Latest News

The Best and Worst Value Annual Passes in Toronto

The Best and Worst Value Annual Passes in Toronto

By Thomas Kenzaki

It’s finally starting to look like summer again so people are coming out of hibernation and are looking for things to do. If you’re in the GTA you have a lot of great annual pass options. See which passes offer the best and worst value for your dollar!

There’s no shortage of fun things to do in and around Toronto and most places offer an annual or season pass option. In most cases these allow for unlimited visits and for not too much more money than a single day ticket would cost. This might also be a worthwhile option for those living outside of Toronto or those looking to vacation in Toronto if you plan to visit an attraction more than once.

Here’s a cost breakdown for some of the most popular Toronto area attractions in 2018.

Single Adult

AttractionSingle DayAnnual Pass
Canada's Wonderland$62.48$111.07
Centreville$41.95$85.00
Ripley's Aquarium of Canada$35.00$80.00
LEGO Discovery Centre$24.41$79.10
Toronto Zoo$29.00$95.00
Ontario Science Centre$22.00$75.00
Royal Ontario Museum$20.00$112.00
Art Gallery of Ontario$19.50$110.00
Based on single adult website ticket pricing. Includes all fees and taxes.

Family (2 Adults + 2 Kids)

AttractionSingle DayAnnual Pass
Ontario Science Centre$70.00$125.00
Canada's Wonderland$211.35$380.85
Toronto Zoo$96.00$195.00
Ripley's Aquarium of Canada$106.25$235.00
Royal Ontario Museum$68.00$161.00
Centreville$134.00$340.00
Art Gallery of Ontario$49.00$145.00
LEGO Discovery Centre$97.64$293.80
Based on 2x adult + 2x child website ticket pricing. Includes all fees and taxes.

We’ve included 2 charts because the prices and savings vary depending on if you’re an individual or family. Some attractions such as Canada’s Wonderland start to offer savings on your 2nd visit while on average you’ll see savings beginning on your 3rd or 4th visit.

On the other end of things a single adult annual pass to the Art Gallery of Ontario and Royal Ontario Museum would take 6 visits before it started to pay off making it smarter for most people to buy single day tickets if you don't plan to visit that often. Looking at family pricing all attractions begin to pay off starting at 3 visits. Some attractions even have special family annual passes which are valid for 2 adults and up to 4 children.

If you’re from the GTA you have easy access to the different attractions and can more easily benefit from an annual pass. Those farther out might need to do more thinking to see if it’s worth it or not. In some cases it might also benefit those vacationing in Toronto if you’re going to be hitting up the same attraction more than once.

There are often additional perks that come with having an annual pass. Things like discounts on food and souvenirs, free or discounted parking, and early entry times to name a few perks. My personal favourite perk is from the Ontario Science Centre where annual passholders get free entry to other similar attractions across Canada and the US. The Toronto Zoo also offers a reciprocal agreement with AZA accredited zoos and aquariums in North America to offer free or discounted admission.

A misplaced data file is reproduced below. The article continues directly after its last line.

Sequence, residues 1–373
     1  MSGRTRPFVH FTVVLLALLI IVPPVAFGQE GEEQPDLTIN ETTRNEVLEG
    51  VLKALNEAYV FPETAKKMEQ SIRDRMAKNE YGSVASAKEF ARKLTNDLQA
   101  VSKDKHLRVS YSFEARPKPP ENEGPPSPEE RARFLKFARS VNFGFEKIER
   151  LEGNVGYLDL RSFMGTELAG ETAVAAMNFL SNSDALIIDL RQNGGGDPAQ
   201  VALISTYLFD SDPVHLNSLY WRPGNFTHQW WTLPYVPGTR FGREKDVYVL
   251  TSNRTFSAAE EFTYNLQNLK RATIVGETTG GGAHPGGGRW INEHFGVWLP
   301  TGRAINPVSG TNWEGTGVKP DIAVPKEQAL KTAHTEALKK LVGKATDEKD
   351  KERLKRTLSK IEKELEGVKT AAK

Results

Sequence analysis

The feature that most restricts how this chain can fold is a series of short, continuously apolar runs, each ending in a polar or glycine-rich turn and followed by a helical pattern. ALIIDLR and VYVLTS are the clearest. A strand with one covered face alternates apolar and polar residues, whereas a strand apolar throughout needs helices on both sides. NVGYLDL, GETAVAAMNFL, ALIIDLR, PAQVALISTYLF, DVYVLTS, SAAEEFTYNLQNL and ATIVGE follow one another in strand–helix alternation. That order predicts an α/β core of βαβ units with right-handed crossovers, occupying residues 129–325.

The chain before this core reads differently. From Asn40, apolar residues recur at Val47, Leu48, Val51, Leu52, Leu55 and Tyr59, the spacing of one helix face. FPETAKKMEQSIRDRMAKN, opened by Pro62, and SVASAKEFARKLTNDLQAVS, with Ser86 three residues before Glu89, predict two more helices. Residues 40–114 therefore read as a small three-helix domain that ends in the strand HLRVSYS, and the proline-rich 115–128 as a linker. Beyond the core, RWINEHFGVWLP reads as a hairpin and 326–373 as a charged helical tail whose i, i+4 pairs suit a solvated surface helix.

An annual pass is a great way to save money but make sure it’s something you’ll actually use enough to make it worth it. In all our examples buying a single day ticket is the best option if you only plan on visiting an attraction once. I know I’m not the only person guilty of buying an annual pass and only using it one time. Be smart, save money and have fun taking advantage of all that Toronto has to offer this year!

4 Comments

    • Nobody pays those prices for Wonderland. Even if you go single day, most are saavy enough to buy through costco or groupon or some other way to get a roughly $40 ticket. Also, seasons are $72 plus fees/taxes if bought early bird.
    • Report Post
    • You seem to have totally missed the point on using reciprocal agreements. Far more lucrative ways to save money.
    • Report Post
    • You seem to have totally missed the point on using reciprocal agreements. Far more lucrative ways to save money.
    • Report Post
    • pongster wrote:
      Jun 8th, 2018 8:57 pm
      Nobody pays those prices for Wonderland. Even if you go single day, most are saavy enough to buy through costco or groupon or some other way to get a roughly $40 ticket. Also, seasons are $72 plus fees/taxes if bought early bird.
      If you look at the amount of people lined up at the regular ticket windows you'd realize a lot of people just don't bother to look into what discounts might be available elsewhere. For the purpose of this article we used each attractions website pricing at the time of publication.
    • Report Post